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Food Insecurity Among Veterans

VA researchers find food insecurity is a significant health risk factor among veterans who live alone and prepare their meals.


 

Nearly half of a group of homeless and formerly homeless veterans reported experiencing food insecurity, according to VA researchers. More than one-quarter of those said they’d averaged only 1 meal a day.

Researchers screened 270 new patients who enrolled in 1 of 6 VA primary care clinics. Screening began with a single question: “In the past month, were there times when the food for you just did not last, and there was no money to buy more?” Patients who answered yes were then asked where they got their food, how many meals per day they ate, whether they prepared their meals, whether they received food stamps, whether they had diabetes, and whether they had symptoms of hypoglycemia.

Of the respondents, 63% were living in their own apartment, and 26% were in a transitional housing program where they were responsible for some of their meals. Of the patients who reported food insecurity, 87% prepared their meals, with half relying on food they bought, 23% on food from soup kitchens and food pantries, 15% from shelters, 19% from family and friends. About half (47%) were receiving food stamps.

One-fifth of the patients had diabetes or prediabetes, and 44% reported hypoglycemia symptoms when without food. The researchers point out that the consequences of food insecurity are “significant and potentially life threatening.” They cite another study that found risk for hospital admissions for hypoglycemia rose 27% in the last week of the month among low-income populations, typically when food stamps and supplies at food pantries ran low or were exhausted.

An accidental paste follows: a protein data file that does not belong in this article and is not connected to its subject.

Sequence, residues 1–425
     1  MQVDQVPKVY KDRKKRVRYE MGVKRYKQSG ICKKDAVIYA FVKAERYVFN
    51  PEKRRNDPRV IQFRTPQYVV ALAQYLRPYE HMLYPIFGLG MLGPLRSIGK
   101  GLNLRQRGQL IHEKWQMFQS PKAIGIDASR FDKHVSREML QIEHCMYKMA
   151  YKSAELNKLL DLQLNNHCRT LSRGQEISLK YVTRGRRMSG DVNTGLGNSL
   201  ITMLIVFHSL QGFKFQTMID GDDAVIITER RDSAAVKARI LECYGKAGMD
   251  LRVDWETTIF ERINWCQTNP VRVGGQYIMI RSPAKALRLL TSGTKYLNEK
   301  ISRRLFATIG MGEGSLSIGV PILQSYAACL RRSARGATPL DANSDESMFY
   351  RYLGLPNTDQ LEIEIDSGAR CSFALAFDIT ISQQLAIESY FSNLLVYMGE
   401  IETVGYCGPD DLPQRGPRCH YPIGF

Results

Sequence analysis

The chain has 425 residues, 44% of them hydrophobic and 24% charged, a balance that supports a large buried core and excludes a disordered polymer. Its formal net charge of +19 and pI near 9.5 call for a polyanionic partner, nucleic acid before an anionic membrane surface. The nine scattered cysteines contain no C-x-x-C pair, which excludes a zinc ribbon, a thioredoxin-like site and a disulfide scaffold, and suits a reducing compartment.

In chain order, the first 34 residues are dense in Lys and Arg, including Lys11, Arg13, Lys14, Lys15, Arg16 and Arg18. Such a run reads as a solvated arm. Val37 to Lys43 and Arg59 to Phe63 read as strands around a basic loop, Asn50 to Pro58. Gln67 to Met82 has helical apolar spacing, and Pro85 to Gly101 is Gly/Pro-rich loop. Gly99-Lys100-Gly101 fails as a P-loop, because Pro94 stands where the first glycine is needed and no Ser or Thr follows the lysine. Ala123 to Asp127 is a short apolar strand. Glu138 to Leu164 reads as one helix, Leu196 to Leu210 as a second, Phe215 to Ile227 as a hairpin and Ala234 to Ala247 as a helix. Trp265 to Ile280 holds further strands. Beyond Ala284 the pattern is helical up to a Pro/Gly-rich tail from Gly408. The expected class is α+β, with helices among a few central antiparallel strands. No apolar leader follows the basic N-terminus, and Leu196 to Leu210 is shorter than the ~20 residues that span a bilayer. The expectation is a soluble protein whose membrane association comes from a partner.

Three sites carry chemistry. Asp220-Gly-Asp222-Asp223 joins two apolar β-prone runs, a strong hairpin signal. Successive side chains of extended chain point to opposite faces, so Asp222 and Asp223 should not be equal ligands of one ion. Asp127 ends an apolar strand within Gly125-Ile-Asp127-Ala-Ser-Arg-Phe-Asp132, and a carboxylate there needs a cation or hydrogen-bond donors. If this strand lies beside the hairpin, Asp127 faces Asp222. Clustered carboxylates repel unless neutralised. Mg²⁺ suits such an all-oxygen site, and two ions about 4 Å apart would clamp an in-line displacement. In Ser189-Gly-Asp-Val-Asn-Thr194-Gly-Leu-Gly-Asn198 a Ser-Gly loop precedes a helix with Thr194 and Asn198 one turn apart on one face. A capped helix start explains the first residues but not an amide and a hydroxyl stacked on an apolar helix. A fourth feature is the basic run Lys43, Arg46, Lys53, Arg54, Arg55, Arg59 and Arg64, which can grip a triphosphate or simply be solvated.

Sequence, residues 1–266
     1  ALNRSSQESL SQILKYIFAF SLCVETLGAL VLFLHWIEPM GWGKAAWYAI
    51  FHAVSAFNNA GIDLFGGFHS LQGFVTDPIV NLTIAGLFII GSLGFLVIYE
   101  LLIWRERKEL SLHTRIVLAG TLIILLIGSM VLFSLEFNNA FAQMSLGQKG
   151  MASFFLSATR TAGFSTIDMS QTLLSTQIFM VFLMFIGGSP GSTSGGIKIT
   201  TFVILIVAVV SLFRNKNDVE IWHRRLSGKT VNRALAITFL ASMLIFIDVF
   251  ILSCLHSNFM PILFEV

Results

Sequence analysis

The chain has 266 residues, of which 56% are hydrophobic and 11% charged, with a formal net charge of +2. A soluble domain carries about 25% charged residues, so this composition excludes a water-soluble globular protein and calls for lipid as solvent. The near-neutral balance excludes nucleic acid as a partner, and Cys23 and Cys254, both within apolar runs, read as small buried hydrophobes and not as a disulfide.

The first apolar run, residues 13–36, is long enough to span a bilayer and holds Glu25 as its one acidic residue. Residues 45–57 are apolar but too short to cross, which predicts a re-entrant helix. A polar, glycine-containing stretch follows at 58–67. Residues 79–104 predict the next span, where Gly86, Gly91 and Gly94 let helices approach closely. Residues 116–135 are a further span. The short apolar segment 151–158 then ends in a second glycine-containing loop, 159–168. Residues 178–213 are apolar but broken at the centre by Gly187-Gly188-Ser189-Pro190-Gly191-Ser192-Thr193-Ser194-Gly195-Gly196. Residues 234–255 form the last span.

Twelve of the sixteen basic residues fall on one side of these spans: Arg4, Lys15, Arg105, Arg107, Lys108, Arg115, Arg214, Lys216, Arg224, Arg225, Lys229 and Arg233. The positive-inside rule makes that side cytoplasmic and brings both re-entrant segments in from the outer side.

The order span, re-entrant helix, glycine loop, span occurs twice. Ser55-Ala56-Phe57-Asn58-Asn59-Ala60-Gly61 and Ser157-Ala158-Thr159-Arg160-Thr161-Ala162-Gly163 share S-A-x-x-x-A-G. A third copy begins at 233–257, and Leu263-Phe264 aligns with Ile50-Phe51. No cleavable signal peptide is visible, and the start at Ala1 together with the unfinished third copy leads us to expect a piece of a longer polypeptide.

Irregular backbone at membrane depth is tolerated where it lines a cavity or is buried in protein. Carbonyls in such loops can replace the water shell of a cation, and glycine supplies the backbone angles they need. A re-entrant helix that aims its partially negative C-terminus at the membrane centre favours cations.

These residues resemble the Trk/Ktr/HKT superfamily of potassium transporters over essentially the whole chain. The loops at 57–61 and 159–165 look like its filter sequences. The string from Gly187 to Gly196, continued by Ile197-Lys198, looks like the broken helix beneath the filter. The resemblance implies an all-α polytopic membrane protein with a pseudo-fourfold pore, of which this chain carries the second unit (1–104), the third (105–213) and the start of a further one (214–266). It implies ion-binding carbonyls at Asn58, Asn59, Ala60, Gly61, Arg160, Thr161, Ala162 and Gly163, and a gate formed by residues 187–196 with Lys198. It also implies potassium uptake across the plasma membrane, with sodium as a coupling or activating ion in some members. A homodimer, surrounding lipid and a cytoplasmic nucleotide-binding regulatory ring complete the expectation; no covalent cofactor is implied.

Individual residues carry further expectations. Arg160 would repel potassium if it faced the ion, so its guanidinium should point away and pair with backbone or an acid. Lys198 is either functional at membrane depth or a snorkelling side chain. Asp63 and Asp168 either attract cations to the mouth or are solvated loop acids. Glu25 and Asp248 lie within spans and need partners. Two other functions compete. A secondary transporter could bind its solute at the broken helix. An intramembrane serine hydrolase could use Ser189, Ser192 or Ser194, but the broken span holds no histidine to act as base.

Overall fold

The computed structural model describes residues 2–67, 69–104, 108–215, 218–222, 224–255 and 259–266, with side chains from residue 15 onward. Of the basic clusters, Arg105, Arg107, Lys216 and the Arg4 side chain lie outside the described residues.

The study revealed that asking about only food insecurity was not enough, the researchers say. “The additional context provided by the follow-up questions and the breadth of different responses underscored that the needs of these patients extend beyond those available from 1 health care provider or 1 health care discipline.”

Both patients and health care providers endorsed the screening program. One staff member, for instance, called the program a good rapport builder. No team found the questions burdensome, the researchers say. In fact,4 teams said the follow-up questions highlighted the complexity of issues underlying food insecurity and the need for a well-integrated, multidisciplinary approach to the problem.

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